Feeds

Cisco woe as HP's Fiorina joins board

Is she advising on how to handle missed profit targets?

  • alert
  • submit to reddit

Beginner's guide to SSL certificates

The outlook for networking giant Cisco took a gloomier turn yesterday after the publication of a pessimistic report by an analyst and an admission by its chief executive John Chambers that the current quarter is "a little bit more challenging" than expected.

"Is the economy slowing? Absolutely - it is slowing faster than people realise," said Chambers.

"When people look to cut costs, we'll be nicked. But we will be less affected than others," he added.

Despite this note of caution, Cisco is sticking by its earnings and sales estimates. Its results are due on February 6.

Consolidation in the US telecoms market has resulted in a slow-down of demand for the high-end networking equipment from service providers. Cisco is probably better insulated from this effect than its competitors, because of its wide product base, but a slow-down in the enterprise space would leave Cisco facing a double whammy of a slowdown in its two key market segments.

Most analysts expect Cisco to benefit from the demand for faster networks, but the view is far from universal. Earlier this week CIBC World Markets analyst Steve Kamman said in a research note that Cisco's glory days may be over, arguing that its strategy of keeping itself at the technological edge through acquisitions is about to hit the buffers.

In related news, Cisco announced that Hewlett-Packard's chief executive, Carly Fiorina, has joined its board as a non-executive director. Fiorina was previously president of Lucent's global service provider business.

Earlier this week it emerged that Fiorina's gave back $625,000 of her HP salary because the company missed earnings targets. Cisco has never failed to meet its targets, so is it too mischievous to ask whether Fiorina has been brought in the advise on how this might be managed gracefully at Cisco? ®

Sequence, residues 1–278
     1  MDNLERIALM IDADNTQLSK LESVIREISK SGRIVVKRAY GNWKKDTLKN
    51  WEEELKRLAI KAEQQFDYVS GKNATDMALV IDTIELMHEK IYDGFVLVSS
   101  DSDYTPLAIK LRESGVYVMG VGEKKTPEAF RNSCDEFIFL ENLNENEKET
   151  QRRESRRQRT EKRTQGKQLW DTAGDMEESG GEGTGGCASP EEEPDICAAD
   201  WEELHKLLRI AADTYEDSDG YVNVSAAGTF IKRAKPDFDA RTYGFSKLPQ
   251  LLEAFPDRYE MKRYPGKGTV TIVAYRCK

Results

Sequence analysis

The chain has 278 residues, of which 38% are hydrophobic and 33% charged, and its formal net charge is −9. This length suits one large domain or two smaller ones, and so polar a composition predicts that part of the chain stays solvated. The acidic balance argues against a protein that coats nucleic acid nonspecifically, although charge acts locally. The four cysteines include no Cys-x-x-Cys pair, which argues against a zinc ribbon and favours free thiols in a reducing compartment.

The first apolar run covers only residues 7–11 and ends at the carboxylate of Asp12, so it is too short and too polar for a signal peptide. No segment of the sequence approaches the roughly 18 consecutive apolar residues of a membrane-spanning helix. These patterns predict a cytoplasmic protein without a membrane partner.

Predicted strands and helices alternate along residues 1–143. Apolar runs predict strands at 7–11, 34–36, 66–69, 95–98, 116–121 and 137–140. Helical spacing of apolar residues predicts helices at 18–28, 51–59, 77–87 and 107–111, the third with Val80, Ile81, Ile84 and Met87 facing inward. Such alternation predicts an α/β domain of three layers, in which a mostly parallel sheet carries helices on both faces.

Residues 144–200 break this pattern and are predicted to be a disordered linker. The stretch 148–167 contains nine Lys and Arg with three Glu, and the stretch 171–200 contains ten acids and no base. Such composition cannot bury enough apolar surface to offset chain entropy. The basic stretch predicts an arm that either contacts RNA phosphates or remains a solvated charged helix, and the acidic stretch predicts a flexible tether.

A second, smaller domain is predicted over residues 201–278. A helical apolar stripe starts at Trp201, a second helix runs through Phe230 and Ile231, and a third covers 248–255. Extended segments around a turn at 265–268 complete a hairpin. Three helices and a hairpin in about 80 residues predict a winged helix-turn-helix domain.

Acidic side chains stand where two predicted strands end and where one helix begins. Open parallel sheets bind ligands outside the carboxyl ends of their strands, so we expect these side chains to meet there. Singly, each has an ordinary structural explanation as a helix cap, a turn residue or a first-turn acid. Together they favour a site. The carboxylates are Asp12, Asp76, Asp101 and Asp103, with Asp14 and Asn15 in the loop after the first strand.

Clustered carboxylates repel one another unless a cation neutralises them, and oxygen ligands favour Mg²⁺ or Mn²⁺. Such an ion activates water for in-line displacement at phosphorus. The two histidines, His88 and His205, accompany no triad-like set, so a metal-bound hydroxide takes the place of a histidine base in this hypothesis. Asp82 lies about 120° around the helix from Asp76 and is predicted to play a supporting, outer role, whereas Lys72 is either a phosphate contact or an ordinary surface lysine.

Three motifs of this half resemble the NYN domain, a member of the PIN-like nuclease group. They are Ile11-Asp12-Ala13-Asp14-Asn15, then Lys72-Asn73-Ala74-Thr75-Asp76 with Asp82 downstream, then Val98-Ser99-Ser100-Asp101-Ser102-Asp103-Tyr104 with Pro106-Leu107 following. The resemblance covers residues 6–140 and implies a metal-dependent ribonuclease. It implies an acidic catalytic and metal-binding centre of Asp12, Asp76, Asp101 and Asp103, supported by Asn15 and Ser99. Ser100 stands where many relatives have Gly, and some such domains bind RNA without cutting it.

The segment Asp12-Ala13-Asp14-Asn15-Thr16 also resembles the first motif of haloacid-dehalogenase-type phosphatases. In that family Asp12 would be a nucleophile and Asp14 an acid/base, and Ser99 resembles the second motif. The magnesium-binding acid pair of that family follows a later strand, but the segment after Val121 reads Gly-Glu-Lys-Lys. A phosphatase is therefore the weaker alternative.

Related stories

IT budgets not growing so fast, shock horror
Cisco looks rosy, 3Com peaky
Cisco IPv6 kit to ship next February
Lucent to restate sales and cut 10,000 jobs
Foundry issues second profit warning

Top 5 reasons to deploy VMware with Tegile

More from The Register

next story
IT crisis looming: 'What if AWS goes pop, runs out of cash?'
Public IaaS... something's gotta give - and it may be AWS
Linux? Bah! Red Hat has its eye on the CLOUD – and it wants to own it
CEO says it will be 'undisputed leader' in enterprise cloud tech
Oracle SHELLSHOCKER - data titan lists unpatchables
Database kingpin lists 32 products that can't be patched (yet) as GNU fixes second vuln
Ello? ello? ello?: Facebook challenger in DDoS KNOCKOUT
Gets back up again after half an hour though
Hey, what's a STORAGE company doing working on Internet-of-Cars?
Boo - it's not a terabyte car, it's just predictive maintenance and that
Troll hunter Rackspace turns Rotatable's bizarro patent to stone
News of the Weird: Screen-rotating technology declared unpatentable
prev story

Whitepapers

Providing a secure and efficient Helpdesk
A single remote control platform for user support is be key to providing an efficient helpdesk. Retain full control over the way in which screen and keystroke data is transmitted.
Intelligent flash storage arrays
Tegile Intelligent Storage Arrays with IntelliFlash helps IT boost storage utilization and effciency while delivering unmatched storage savings and performance.
Beginner's guide to SSL certificates
De-mystify the technology involved and give you the information you need to make the best decision when considering your online security options.
Security for virtualized datacentres
Legacy security solutions are inefficient due to the architectural differences between physical and virtual environments.
Secure remote control for conventional and virtual desktops
Balancing user privacy and privileged access, in accordance with compliance frameworks and legislation. Evaluating any potential remote control choice.